This is why the first instinct of many supporters was to clamor for additions to the squad in January — like it has been for many previous Januaries. “Buy a striker,” was repeated. “Buy defenders or defensive midfielders,” was added. “Buy anyone!!” was heard. The addition of Kim Kallstrom and the failed bid for Julian Draxler were the only response to these cries, with Kallstrom coming at the end and coming injured. All the while, Arsene Wenger stated that he only added him to add someone and not because he felt it was needed.
So his first instinct was that the team as constructed could retain their form, health and style through the business end of the season? In spite of the overwhelming historical evidence pointing to the contrary?
I guess my point, if there is one, is that we are all victims of our own prejudiced opinions. We are all subject to the filters we put between ourselves and the data we receive every day. We get a compliment from a boss, we might consider it a positive or a negative depending on what kind of relationship we might have with our boss. You get a text saying “We need to talk” from a loved one and the gamut of possibilities — from great to terrifying — open up.
But often, our first reaction — our gut instinct — tends to be the closest indicator to what we really feel and think. And if the club’s first instinct was that they needed a striker to compete with or supplant Giroud and they didn’t do it, that’s a problem. If the manager’s first instinct was that he had the horses to see the team finally end their drought when history says that a spate of injuries is always just around the corner, that’s a problem.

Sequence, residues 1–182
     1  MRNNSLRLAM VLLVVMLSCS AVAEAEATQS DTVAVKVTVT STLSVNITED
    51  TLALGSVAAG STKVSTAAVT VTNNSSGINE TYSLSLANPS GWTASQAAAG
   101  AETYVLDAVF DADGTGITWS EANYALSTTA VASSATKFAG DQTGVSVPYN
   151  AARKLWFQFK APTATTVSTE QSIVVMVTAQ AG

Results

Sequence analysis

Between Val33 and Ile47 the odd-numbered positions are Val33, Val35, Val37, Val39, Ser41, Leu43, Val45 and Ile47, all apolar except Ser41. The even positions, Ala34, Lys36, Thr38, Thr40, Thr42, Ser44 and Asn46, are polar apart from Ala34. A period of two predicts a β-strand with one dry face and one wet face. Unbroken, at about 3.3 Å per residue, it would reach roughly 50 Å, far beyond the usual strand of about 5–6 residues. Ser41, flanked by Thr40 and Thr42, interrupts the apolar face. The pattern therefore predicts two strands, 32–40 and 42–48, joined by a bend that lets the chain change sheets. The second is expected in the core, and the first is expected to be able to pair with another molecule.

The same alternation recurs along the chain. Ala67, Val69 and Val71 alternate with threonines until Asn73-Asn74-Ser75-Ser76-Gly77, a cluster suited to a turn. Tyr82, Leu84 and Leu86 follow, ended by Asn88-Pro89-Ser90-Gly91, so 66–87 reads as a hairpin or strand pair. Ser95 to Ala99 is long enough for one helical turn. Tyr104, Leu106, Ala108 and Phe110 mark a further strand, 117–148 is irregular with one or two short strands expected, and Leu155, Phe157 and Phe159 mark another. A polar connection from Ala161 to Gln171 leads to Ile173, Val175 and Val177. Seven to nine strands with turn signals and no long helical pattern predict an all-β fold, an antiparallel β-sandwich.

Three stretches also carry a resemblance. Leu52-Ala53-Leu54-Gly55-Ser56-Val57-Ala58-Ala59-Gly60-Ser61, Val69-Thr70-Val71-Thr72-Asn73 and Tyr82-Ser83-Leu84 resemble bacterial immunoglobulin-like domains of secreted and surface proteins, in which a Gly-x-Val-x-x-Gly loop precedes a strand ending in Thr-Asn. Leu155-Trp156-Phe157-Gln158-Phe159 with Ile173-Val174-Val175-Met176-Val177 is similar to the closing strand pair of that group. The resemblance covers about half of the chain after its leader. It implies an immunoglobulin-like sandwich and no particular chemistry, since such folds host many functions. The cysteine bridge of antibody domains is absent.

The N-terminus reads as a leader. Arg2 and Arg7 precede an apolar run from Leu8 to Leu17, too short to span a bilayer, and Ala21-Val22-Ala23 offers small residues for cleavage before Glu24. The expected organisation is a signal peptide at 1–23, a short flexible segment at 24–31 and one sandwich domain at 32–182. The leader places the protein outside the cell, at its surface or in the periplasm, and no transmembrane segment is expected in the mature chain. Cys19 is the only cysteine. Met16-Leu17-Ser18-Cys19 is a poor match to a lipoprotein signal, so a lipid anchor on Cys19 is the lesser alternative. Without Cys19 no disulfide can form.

The greater concern here has to be the repeated inability to get over these continuing problems. The injuries, the mental blocks and errors, the paucity in the transfer market. It’s like we live in an Arsenal-themed Groundhog’s Day with Jose Mourinho playing the role of Ned Ryerson. We continue to trundle along, stuck in neutral, aware of what our instincts are telling us is an untenable position but incapable of changing what our instincts tell us is the way to go forward.
For many supporters, their first instinct after the botched summer and the 3-1 mistake against Aston Villa was to clamor for holy hell to rain down. The purchase of Ozil and a great half-season had managed to shove those instincts down and allow Gooners the chance to dream of finally breaking out of the morass. Instead, the losses to Chelsea, to Liverpool and to Manchester City have only helped to bring back to the surface all the old complaints, fears, recriminations and rapprochements. As the team heads into the next three games, wounded, full of self-doubt and lacking confidence, that’s not a good place to be. The supporters are on the verge of open revolt again. The team feels like it could spiral back down into another Top 4 fight.
I’ll end with another quote from Lord of War (really, if you haven’t seen it, you ought to). As the movie ends, Nicholas Cage stands alone, still dealing arms, still making money. He looks over a scene of war and devastation and says:
That’s the secret to survival. Never go to war. Especially with yourself.